Here is an updated version of the how to create a Counter Strike: Source dedicated server video. There have been lots of changes since out last video. One of the main changes is the directory structure. We had a lot of people comment on the previews video that they not get a “orangebox” folder. They are not longer using that folder. One other difference from our last video is that we used a server out on the internet this time to run the tutorial. This means that this server has a public IP address. If you are looking to run this tutorial on a server within a LAN don’t forget to port forward your 27015 UDP so people outside your LAN can access it.
In this video I talk a little about some of the benefits of colocation your own hardware. I also show you a server that would typically meet the needs and them some to host game servers. For colocation you need to have some cash to spend initially. However you will save money in the long runs since you will not have to pay for “addons” such as more memory or bigger hardrives. You will also be responsible if anything breaks on your server so its a good idea to have spare parts. As far as dedicated servers go you will pay more ever month and you will have less control over the hardware. You are also not responsible to pay for part when things break. However you will have to pay a tad bit more a month if you want more memory.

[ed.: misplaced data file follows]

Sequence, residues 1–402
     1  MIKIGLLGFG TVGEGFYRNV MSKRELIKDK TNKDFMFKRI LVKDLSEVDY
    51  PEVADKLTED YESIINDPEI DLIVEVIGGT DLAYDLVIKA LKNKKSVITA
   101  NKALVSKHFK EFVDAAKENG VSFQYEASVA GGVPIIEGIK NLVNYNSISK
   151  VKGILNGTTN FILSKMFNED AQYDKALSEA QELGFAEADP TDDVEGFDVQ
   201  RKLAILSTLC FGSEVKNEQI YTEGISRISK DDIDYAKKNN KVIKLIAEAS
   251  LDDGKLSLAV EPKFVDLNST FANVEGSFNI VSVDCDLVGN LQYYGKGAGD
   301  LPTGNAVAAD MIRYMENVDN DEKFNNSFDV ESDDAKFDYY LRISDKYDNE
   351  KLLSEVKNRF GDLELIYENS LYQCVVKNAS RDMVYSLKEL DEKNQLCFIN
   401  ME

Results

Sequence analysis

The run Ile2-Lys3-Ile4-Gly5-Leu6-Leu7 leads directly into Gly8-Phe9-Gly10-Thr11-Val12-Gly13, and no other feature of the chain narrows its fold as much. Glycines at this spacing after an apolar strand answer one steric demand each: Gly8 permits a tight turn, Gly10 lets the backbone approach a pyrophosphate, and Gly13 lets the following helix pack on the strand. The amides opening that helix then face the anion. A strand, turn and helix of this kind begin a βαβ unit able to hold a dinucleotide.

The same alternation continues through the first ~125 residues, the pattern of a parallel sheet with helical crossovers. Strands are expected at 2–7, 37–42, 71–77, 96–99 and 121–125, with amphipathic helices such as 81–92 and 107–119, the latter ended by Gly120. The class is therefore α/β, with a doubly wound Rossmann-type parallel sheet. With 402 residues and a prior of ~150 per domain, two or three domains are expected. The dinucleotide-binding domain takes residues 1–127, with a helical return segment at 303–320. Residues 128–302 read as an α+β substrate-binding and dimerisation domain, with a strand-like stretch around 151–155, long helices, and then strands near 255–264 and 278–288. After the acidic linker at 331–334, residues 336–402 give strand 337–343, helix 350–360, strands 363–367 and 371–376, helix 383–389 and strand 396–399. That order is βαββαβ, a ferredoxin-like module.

This is the hardware I used for the server in the video.
1 X Supermicro CSE-RR1U-E8 1U Left Slot PCI-Express x8 Riser Card
1 X Supermicro X9SCL-F-O LGA1155/ Intel C202 PCH/ DDR3/ V&2GbE/ MATX Server Motherboard, Retail
1 X Intel Xeon Quad-Core E3-1230 3.2GHz 5GT/s 1155pin 8MB CPU, Retail
1 X Adaptec RAID 2405 4-Port PCI-E SAS/SATA RAID Controller Card
1 X SUPERMICRO CSE-813MTQ-350CB Black 1U Rackmount Server Chassis
4 X Western Digital RE4 WD1003FBYX 1TB 7200 RPM SATA 3.0Gb/s 3.5″ Internal Enterprise Hard Drive -Bare Drive
1 X Dynatron K199 80mm 2 Ball CPU Cooler
2 X Kingston 8GB (2 x 4GB) 240-Pin DDR3 SDRAM DDR3 1333 (PC3 10600) ECC Unbuffered Server Memory Model